Stochastics is a word describing all of the above and is not synonymous to statistics. We are, in particular, interested in the interactions of Stochastics with other area of mathematics. As an example, how is the fundamental theorem of algebra rigorously proved using Brownian motion? It is incredible that Stochastics is used to conduct research from Pure Mathematics all the way to applications in physics, statistics (Bayesian and classical, non-parametric), operational research, networks, communications, biology and many other areas.

What is extremely fascinating is the way that rigorous theorems can be proved using the language and techniques of probability theory. The so-called probabilistic method of Paul Erdős depends on the first theorem of probability: namely, that for all probability measures P on some set Ω we have that its value at the empty set is 0. Taking the contrapositive of this axiom we have that if A is a subset of Ω and there is some probability P such that P(A)>0 then A is nonempty. This is used to show existence theorems in mathematics and has had particular success in combinatorics, computer science and number theory.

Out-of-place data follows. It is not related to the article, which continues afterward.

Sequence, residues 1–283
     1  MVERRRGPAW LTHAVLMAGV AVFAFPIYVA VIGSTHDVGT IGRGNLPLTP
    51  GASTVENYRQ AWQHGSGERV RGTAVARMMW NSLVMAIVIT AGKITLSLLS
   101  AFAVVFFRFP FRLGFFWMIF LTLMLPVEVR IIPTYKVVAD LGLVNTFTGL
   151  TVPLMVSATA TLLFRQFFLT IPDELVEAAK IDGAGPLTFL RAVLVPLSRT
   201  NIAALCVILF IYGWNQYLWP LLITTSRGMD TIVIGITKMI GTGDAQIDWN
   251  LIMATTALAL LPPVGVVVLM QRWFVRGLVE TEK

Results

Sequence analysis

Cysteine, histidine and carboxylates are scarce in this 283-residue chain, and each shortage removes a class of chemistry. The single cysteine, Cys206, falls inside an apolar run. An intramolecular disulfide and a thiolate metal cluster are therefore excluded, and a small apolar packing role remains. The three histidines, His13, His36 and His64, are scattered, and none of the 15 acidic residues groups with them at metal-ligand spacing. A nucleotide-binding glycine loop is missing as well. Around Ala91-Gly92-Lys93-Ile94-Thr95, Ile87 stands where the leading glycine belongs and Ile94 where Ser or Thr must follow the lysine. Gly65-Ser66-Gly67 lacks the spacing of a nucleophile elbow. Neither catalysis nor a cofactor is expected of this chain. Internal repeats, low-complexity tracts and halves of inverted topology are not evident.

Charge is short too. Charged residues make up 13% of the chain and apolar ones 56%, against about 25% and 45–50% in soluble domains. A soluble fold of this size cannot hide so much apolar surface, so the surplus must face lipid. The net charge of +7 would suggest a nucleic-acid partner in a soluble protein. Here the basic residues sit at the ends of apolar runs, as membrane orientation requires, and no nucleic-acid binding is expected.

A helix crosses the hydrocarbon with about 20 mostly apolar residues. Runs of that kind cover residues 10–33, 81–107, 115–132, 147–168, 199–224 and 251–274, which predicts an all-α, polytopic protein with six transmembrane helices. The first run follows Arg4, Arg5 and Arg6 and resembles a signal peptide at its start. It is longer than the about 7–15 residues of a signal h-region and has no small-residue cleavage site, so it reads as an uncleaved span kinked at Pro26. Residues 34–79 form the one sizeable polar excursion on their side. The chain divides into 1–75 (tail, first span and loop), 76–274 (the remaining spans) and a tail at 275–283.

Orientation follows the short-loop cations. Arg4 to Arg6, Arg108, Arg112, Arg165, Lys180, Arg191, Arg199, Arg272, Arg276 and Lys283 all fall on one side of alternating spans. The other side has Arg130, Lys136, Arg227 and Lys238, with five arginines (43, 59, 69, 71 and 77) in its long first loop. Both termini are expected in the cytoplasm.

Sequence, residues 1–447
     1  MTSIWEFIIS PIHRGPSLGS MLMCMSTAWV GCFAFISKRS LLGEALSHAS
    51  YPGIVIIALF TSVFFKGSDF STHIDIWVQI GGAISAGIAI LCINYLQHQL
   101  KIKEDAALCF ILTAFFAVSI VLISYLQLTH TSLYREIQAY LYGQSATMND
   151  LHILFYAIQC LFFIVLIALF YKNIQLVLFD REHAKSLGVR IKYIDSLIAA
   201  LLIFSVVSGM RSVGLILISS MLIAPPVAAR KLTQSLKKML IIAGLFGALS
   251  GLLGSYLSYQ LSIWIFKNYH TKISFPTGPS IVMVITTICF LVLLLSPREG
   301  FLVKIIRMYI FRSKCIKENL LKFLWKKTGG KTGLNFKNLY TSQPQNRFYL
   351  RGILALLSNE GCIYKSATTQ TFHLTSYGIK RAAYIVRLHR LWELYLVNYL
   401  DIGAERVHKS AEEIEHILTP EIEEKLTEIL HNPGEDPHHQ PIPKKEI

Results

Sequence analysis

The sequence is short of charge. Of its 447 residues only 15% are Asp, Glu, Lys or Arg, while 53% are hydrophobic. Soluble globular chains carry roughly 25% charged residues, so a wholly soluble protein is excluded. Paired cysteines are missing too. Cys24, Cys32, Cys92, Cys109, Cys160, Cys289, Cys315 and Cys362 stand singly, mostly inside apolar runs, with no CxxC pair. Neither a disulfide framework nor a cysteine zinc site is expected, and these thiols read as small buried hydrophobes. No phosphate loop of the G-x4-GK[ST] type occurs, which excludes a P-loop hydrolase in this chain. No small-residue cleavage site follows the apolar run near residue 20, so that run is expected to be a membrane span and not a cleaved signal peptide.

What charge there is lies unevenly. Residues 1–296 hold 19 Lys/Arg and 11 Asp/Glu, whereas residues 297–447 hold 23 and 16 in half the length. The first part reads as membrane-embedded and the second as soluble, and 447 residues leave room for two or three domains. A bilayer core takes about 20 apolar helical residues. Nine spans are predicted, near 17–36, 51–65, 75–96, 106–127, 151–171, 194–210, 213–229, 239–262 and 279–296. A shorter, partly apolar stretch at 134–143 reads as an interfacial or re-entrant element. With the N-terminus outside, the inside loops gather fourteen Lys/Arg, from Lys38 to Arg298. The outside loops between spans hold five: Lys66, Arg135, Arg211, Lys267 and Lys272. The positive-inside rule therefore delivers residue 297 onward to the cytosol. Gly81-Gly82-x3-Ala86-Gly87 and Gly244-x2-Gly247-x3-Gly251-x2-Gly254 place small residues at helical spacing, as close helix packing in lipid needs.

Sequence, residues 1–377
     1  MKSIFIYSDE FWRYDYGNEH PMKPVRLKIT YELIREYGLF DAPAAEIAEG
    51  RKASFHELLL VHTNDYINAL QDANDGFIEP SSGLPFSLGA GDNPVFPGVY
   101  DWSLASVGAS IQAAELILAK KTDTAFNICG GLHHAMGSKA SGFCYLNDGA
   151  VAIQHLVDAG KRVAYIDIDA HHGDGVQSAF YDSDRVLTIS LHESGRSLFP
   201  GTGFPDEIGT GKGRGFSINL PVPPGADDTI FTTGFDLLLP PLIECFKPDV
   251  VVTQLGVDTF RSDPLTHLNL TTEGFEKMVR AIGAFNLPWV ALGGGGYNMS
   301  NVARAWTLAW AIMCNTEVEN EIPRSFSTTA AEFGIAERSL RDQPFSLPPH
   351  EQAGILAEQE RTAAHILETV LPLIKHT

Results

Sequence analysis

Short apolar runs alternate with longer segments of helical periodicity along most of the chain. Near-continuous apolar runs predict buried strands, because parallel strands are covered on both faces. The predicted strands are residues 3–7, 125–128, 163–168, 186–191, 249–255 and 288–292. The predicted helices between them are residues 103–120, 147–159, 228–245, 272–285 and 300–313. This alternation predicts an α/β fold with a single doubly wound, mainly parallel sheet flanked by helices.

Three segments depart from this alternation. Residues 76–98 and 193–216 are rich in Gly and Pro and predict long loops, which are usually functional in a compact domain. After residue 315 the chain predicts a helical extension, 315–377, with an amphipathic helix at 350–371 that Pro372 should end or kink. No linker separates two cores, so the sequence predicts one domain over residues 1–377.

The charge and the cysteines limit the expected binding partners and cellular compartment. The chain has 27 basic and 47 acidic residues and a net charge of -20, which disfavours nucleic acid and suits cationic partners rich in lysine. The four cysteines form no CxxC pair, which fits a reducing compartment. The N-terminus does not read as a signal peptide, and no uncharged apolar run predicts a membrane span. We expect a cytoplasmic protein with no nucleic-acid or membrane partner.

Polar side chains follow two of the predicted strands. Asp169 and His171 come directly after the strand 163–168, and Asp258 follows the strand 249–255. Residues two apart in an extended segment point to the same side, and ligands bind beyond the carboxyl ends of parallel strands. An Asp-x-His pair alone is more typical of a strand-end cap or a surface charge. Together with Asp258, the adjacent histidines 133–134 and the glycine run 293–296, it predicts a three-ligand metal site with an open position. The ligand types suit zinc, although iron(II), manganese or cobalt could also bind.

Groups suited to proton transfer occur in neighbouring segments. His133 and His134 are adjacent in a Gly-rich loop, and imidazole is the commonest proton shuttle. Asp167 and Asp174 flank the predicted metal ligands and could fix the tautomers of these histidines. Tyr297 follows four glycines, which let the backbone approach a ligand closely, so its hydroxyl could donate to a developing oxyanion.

In studying probability, one is forced to study fascinating pieces of analysis and deal with functions that typically do not appear in classical analysis. Functions that are continuous but nowhere differentiable form the bread and butter of stochastics and the basis of stochastic calculus, a set of tools that leads to optimal and stochastic control theory of enginering systems , to the modeling of the financial market and to macroscopic (thermodynamic) descriptions of complex systems. Stochastics also studies complexity for natural, human-centric reasons: even when a system is not random it is often described by using randomness much better than in any other way.

**Relevant Local Seminars:**

**Other relevant worldwide seminars:**

- One world probability seminar [link]
- Probability Victoria seminar [link]
- Stochastic networks seminar [link]
- Random Geometry and Statistical Physics [link]

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